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What was Hitler's role in the Nazi State?

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Jack Morris

on 7 May 2015

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Transcript of What was Hitler's role in the Nazi State?

What was Hitler's role in the Nazi State?
Hitler: The Decision Maker?
From 1934, Hitler showed little interest in the day-to-day decisions of government and distanced himself from them. Cabinet government declined from 72 meetings in 1933 to none in 1938.
In July 1934, as President Hindenburg died, Hitler absorbed powers of the Chancellor and President as Fuhrer. This was confirmed by the Law on Head of State of the German Reich signed on 1 August 1934 by Hitler's leading ministers. The following day, the army, on the initiative of General Blomberg, swore an oath of allegiance to Hitler.
On 19 August, a plebiscite of the German people, 89.9% voted in favour of constitutional reform. Hitler's power was unassailable. That summer, Leni Riefenstahl filmed the Triumph of the Will, a record of the Nazi Party rally at Nuremburg and it represented the Fuhrer as a demi-God worshiped by German people and was a coming of age of political religion. The way Hitler was represented in propaganda justifified that he distanced himself from the mundane detail of Government because he was powerful.
However, crucial decisions were made in peacetime by Hitler. The decision to destroy the SA and the Second Revolution by the Night of the Long Knives in June 1934 was Hitler's alone. The need to resolve the tension between the army and SA was a factor in explaining why Hitler destroyed an important element of the Nazi movement. He had support from Goring and Himmler but made the decision. The following years saw disappearance of collective government that strengthened Hitler's power.
The Lack of Formal Mechanisms
Hitler's authority was unchallenged. the lack of mechanisms caused chaos as a result. Hitler rarely read documents before making a decision and disliked signing official papers. So officials got verbal agreement instead. This type o approval (Fuhrer Orders) carried the ultimate authority in the state.
At a meeting in November 1935 to discuss Jewish emigration, Hess' interpretation of the Fuhrer's wishes (he wanted to see them gone ASAP) was contradicted by an official from the Ministry of Interior who insisted that Hitler wanted them to stay in Germany so they could be used as hostages. This did not make clear government.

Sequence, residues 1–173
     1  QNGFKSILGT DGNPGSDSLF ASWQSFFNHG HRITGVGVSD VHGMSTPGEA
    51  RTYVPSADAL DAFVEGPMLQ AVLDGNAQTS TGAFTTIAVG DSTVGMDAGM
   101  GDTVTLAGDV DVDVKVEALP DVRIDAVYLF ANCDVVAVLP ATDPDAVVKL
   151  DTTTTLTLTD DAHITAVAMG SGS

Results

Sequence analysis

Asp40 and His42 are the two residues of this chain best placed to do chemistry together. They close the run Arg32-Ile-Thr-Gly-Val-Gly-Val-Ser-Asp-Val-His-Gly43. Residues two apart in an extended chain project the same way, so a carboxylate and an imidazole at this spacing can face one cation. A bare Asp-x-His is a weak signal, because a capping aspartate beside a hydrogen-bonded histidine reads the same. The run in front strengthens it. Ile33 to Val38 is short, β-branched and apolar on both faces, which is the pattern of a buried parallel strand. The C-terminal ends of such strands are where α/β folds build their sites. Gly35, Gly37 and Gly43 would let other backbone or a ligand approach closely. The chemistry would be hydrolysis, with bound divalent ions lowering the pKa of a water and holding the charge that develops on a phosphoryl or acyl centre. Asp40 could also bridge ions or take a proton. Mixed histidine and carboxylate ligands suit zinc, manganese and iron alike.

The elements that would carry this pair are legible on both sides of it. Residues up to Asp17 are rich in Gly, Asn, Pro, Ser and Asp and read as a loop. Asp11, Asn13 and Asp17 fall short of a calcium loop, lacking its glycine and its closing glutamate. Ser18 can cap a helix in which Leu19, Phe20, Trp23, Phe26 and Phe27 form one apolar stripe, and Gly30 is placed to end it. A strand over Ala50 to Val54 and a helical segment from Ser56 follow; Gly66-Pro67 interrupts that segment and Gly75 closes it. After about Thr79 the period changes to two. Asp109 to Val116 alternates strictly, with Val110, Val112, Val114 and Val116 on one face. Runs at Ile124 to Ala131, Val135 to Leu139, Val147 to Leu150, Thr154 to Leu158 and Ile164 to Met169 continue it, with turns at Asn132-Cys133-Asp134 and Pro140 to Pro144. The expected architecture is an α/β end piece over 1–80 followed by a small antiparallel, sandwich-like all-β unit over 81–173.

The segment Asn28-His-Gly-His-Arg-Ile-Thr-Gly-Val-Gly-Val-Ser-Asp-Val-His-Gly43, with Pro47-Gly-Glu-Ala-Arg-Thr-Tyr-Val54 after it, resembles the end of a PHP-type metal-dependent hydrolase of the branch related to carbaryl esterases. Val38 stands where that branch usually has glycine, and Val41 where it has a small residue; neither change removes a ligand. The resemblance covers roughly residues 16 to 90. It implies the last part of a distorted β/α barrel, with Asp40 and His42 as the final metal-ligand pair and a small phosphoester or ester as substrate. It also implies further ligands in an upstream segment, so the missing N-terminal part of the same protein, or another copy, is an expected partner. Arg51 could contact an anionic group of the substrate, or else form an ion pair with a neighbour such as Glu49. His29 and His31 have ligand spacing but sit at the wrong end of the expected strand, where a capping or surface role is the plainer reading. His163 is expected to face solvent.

Fuhrer orders were given prematurely without consultation and provoked protest from within the Party and State hierarchy. In October 1934, head of the Labour Front, Robert Ley, gained the Fuhrer's approval for a measure aimed at strengthening the power of the Labour Front. This opposed leading figures, including Hess, Schacht and leading businessmen. The Fuhrer allowed the measure to strengthening the Labour Front to be shelved.
Was Hitler a weak dictator?
Hitler was popular and selected who he thought was best for the job but that didn't help the regime to run effectively. Hitler relied upon this popularity to make things work but this meant he wouldn't implement anything that would threaten his popularity. He also wasn't very good at making decisions which made him a weak dictator. Hitler used his patronage in order to keep control.
Hitler and the Gauleiter
In memorandum of 1932, Hitler stated the "basis of the political organisation is loyalty". He insisted on loyalty in return for patronage and influence. One of Hitler's acquaintances up to 1934 was Hermann Rauschning who became disillusioned with Hitler and in 1938 published an account of conversations with the Fuhrer entitled "Hitler Speaks". He believed "Hitler was no dictator". He was damning of Hitler's relationship with the Gauleiter. Hitler never went against the Gauleiter. He had technical control of them all but them as a group controlled him. He changed what was happening to suit the majority of the Gauleiters. Hitler relied on them but not them alone. However, Rauchsning fell out with Hitler so his views are seen as biased. The Gauleiter were Hitler's most trusted and loyal lieutenants and they had considerable power in localities in the name of the Fuhrer. Goebbels' power base was strengthened by his appointment as Gaultieter in Berlin as was Forster of Danzig and West Prussia. Their power was enhanced by the lack of collective leadership. The Gauleiter were loyal and virtually omnipotent in local regions. They were guardians of the Nazi faith, wielders of vast patronage and key agents in rallying of morale. Their power increased as the regime consolidated power because their blind enthusiasm, local patronage and control of the district party leaders (Kreisleiter), gave them control of their locality. They were described as the "backbone of Hitler's power".
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